According to the General Dental Council (GDC), dental nurses are able to carry out fluoride varnish application on prescription from a dentist or via a dental health programme. This extended duty falls under ‘additional skills’ – dental nurses must be suitably trained in order to carry out such duties.
What is fluoride?
Fluoride is a naturally occurring mineral belonging to the halogen family. It is the thirteenth most common element and is found naturally in fish and tea. Some areas of the UK – supplying some 330,000 people – have naturally occurring fluoride in their water. The mineral is also a constituent of the human body.
Products containing fluoride include toothpastes, mouthwashes, gels, varnishes and supplements. and fluoridated (this can occur naturally, as noted above, or it can be artificially 'topped up'). The fluoride content of a product is commonly referred to as parts per million (PPM) or as a percentage.
Methods of delivery
Delivery of fluoride includes ‘individual’ and ‘population’ methods. Individual methods include fluoridated toothpastes, mouthwashes, gels, varnishes and supplements. Population methods include fluoridated water, milk and salt (in some countries).
How fluoride affects the tooth surface
The modes of action of fluoride can occur at two stages: pre-eruptive and post-eruptive.
At the pre-eruptive stage, the enamel becomes more resilient to acid effects/demineralisation. At the post-eruptive stage, fluoride has a detrimental effect on formation of bacterial plaque and will also aid remineralisation.
Availability as a varnish
Perhaps the most common type of fluoride varnish (and the only one carrying a licence to prevent caries) is Colgate's Duraphat. Duraphat is a prescription-only medication (POM) and is available in a 10ml tube containing 50mg sodium fluoride (NaF) per 1mg.
The practice of applying fluoride varnish spans some three decades, and its effectiveness has been well-documented. It continues to show success in caries prevention.
When to use
Caries prevention – most commonly used in the post-eruptive stage before calcification has completed. It is particularly common for fluoride varnish to be applied to the first permanent molars. However, individual assessments and appropriate applications should take place.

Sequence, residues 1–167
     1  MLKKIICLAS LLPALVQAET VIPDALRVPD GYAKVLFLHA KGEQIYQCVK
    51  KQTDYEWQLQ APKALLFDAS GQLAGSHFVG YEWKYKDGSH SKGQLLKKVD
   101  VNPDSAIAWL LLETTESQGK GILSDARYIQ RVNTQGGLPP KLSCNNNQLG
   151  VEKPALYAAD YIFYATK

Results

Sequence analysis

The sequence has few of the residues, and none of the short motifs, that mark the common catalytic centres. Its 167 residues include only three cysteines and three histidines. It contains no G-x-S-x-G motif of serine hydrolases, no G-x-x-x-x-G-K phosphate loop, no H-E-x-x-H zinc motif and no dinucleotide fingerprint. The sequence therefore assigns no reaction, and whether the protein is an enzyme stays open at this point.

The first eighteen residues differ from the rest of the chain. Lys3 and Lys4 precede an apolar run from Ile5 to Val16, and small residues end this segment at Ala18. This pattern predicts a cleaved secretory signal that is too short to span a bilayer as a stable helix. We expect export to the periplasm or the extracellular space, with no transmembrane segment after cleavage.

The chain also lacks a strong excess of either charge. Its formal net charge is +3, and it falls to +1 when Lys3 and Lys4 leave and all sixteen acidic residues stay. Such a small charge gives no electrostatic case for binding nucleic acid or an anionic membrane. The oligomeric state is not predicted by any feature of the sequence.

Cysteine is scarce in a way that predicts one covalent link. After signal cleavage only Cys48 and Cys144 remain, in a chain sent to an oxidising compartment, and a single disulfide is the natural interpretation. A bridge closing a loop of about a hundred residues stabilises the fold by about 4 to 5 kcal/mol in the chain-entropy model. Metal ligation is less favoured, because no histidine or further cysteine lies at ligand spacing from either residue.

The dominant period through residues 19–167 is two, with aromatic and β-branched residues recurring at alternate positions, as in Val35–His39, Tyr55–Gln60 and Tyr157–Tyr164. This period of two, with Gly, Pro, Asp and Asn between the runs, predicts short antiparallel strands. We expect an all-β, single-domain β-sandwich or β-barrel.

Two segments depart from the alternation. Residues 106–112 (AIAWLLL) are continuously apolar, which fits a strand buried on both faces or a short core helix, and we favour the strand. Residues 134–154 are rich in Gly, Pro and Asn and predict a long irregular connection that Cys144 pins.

Hypersensitivity – this may be due to sensitivity after professional cleaning, enamel injury or exposed dentine.
Prior to application:
- Informed consent must always be given by the patient or parent/guardian.
- An appropriate medical history should be taken. An episode or episodes of hospitalisation with allergies such as asthma contra-indicate the use of fluoride varnish.
- It should be ensured that the varnish is in date.
- Sterilised equipment and appropriate disposables must be available.
- The clinical setting must be clean and personal protective equipment must be supplied to the patient and clinician.
- The correct amount of varnish must been dispensed. In the case of application to first permanent molars on a six-year-old, 0.4ml is suitable.
- Intra-oral assessment must be carried out and it should be confirmed that no abnormalities are present. Assessment should include the tongue, cheeks, gingivae and teeth. If any abnormalities/dental disease are present, application should be delayed and the attention of the GDP sought.
For application to lower left first permanent molar:
- Lower left cheek retracted.
- LL6 dried with cotton wool roll/pledget.
- Fresh cotton wool roll placed in left buccal sulcus.
- Suitable amount of fluoride varnish applied using a brush/pledget – priority should be given to more susceptible surfaces such as occlusal/interproximal.
- After-care advice given.
- Full and contemporaneous notes recorded.
After-care advice given